Climate change coverage, internet shutdowns, and Edward Snowden’s memoir

Our personal weekly selection about journalism and innovation.

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Edited by Marco Nurra

Watch all #ijf19 sessions on-demand:

What kind of climate change coverage do you read in the news? It depends on whether you live in a rich country or a poor one. News organizations in wealthy countries are more likely to frame climate change as a domestic political issue, while those in poorer countries report more on natural disasters and international relations.

How the media contributed to the migrant crisis. “Often, people I met were surprised at the lack of understanding, even indifference, they felt was being shown to them. Didn’t Europe know why people like them were forced to make these journeys? Hadn’t Europe played an intimate role in the histories and conflicts of their own countries?” writes Daniel Trilling in Lost in Media: Migrant Perspectives and the Public Sphere, a project of the European Cultural Foundation.

From conflict zones to courtrooms, Myanmar’s journalists are under fire. Reporters, editors and advocates told CPJ in June that authorities are ramping up legal threats to stifle independent reporting, particularly on the military’s campaigns against insurgent groups in volatile ethnic minority areas, including the Arakan Army, an armed group fighting for ethnic Rakhine autonomy and self-determination.

The scary trend of internet shutdowns. Around the world, governments have been turning to network shutdowns with increasing frequency to quell unrest and suppress the spread of rumors and fake news. But there is no empirical evidence that proves this tactic is effective, and activists and journalists alike have raised concerns over the catastrophic side effects these shutdowns often have on communities.

How journalists’ jobs affect their mental health: A research roundup. Day in and day out, journalists report on complex and difficult topics — natural disasters, political violence and human suffering, for example — and often they do this work while also worrying about newsroom layoffs and the future of the industry. It takes a mental and physical toll. Below, we’ve summarized several studies that look at the effects of occupational stress on hard news reporters.

Edward Snowden’s memoir is coming in September. “Permanent Record” will be published in more than 20 countries. The book discusses how Mr. Snowden helped create a system of mass surveillance the N.S.A. used to collect information on hundreds of millions of United States citizens and others, as well as the “crisis of conscience” that led him to rebuke the system he helped create, according to a statement from the publisher.

“Evidence, please” by Jeff Jarvis. “Too many momentous decisions about the future of the internet and its regulation — as well as coverage in media — are being made on the basis of assumptions, fears, theories, myths, mere metaphors, isolated incidents, and hidden self-interest, not evidence.”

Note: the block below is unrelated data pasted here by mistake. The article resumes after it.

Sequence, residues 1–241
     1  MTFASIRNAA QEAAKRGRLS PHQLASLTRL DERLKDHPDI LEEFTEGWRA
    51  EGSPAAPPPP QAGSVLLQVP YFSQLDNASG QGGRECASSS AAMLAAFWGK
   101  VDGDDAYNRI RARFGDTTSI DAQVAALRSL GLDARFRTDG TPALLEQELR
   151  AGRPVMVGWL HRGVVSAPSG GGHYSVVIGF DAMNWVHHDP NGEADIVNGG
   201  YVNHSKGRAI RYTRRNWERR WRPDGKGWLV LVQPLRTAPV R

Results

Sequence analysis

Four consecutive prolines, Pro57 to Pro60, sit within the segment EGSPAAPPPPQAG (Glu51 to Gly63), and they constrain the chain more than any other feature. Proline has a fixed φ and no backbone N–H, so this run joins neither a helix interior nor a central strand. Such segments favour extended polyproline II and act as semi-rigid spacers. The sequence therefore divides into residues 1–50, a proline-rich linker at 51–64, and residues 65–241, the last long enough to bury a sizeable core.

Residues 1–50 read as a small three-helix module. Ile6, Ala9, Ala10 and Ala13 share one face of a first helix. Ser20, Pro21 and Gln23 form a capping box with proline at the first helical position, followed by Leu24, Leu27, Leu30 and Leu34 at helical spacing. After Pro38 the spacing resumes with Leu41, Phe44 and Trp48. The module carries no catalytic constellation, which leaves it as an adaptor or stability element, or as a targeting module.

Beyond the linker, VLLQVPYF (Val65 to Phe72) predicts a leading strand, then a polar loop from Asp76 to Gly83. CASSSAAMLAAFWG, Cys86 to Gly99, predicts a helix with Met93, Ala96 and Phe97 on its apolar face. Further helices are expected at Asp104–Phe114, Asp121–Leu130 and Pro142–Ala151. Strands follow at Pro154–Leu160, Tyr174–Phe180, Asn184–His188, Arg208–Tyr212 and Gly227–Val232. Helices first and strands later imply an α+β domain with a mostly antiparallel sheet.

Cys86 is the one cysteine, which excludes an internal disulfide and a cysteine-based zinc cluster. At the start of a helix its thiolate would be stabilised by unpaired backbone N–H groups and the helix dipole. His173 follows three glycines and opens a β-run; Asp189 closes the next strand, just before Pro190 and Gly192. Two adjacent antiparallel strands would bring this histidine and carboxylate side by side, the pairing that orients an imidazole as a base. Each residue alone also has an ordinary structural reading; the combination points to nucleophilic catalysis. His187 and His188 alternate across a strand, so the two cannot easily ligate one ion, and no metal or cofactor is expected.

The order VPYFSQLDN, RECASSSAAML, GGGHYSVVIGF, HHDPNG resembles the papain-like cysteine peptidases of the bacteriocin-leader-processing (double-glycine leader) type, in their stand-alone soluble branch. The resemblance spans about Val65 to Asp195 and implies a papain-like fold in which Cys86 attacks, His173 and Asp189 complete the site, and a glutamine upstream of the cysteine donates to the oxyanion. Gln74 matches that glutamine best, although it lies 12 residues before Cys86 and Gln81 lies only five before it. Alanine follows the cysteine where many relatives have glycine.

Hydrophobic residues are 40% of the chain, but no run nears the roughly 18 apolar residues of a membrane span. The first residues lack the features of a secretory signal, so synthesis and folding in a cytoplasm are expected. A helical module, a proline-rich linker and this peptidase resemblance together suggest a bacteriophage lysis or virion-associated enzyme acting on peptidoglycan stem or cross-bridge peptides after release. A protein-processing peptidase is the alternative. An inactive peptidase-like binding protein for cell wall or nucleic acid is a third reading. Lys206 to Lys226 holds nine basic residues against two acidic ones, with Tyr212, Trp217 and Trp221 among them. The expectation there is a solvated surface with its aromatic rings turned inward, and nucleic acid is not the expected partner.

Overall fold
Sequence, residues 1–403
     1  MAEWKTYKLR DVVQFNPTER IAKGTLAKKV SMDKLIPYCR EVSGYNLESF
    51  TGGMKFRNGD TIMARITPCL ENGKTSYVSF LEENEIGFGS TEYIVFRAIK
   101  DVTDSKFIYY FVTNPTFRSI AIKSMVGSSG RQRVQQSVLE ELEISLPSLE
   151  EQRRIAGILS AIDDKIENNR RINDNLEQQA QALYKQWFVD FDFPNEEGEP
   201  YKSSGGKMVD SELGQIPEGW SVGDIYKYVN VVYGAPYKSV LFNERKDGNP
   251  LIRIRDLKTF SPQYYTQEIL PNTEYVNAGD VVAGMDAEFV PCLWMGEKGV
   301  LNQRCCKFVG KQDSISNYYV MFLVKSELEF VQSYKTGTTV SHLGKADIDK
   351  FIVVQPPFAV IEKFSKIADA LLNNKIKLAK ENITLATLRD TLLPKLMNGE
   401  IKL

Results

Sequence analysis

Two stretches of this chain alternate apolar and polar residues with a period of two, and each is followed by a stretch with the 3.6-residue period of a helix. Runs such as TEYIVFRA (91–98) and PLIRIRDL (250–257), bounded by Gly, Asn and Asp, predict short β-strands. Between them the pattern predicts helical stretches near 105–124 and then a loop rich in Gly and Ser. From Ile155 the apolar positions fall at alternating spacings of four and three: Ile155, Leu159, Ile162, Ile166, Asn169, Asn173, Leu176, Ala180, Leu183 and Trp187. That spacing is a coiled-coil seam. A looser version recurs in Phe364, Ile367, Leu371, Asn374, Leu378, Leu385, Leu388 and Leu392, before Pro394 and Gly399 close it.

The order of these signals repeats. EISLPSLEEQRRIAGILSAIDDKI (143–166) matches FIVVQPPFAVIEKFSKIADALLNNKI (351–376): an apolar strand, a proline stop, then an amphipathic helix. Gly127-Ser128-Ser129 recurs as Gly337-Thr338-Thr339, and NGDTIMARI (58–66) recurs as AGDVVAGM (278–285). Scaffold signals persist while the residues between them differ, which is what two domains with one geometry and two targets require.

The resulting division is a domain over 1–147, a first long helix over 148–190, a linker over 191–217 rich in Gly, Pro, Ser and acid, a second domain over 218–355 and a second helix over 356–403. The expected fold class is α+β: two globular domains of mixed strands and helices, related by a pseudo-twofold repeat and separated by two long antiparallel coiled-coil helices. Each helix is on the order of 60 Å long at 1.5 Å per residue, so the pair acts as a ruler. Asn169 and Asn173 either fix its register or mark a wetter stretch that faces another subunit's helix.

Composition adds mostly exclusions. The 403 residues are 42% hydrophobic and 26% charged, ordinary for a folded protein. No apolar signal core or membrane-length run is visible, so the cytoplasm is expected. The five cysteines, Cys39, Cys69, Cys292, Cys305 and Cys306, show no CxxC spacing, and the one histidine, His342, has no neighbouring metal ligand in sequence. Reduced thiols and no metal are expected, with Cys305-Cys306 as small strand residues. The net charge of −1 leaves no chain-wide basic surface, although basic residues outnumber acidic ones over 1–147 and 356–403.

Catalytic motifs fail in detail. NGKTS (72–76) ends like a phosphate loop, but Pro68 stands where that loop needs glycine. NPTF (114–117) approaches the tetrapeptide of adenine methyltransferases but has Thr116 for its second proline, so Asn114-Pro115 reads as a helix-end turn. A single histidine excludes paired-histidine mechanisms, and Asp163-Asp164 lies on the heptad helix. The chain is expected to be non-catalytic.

The disinformation age: a revolution in propaganda. New methods are being used to change politics and crush dissent. It’s time to fight back.

How we fact-check in an age of misinformation. Interesting article here from The New York Times as part of their series showing how their journalists work.

The consumer trends that destroyed media’s business model. Major shifts in the way consumers spend their time and money have created a lethal competitive field for news media. Here are some facts and charts about it.

Newsonomics: The “daily” part of daily newspapers is on the way out — and sooner than you might think. Seven-day newspapers aren’t just talking about cutting out one or two days a week in print — they’re talking five or six. Is this the only way to accelerate the transition to digital or speeding their own decline?

Bellingcat launches investigative podcast about the Malaysia Airlines Flight 17 crash. Five years of reporting and hundreds of documents later, the weekly series compiles all of the team’s findings about the disaster and its aftermath.

The International Journalism Festival #ijf19 On-Demand

Every week, one recommendation from the extensive programme of the last edition of the International Journalism Festival.

Today we are inviting you to watch “Track changes: how to use open-source information to identify and monitor environmental issues“. This workshop – led by Wim Zwijnenburg, an expert on the subject, and his colleague at Bellingcat Nick Waters – will teach journalists and attendees alike how to use readily available open data sources to investigate or locate environmental disasters. The skills taught in the workshop will allow reporters to launch full investigations, and perhaps even predict areas of future crises or conflict using just the internet, satellite imagery and available reports. These tools are an essential part of journalism’s contribution to combating climate change.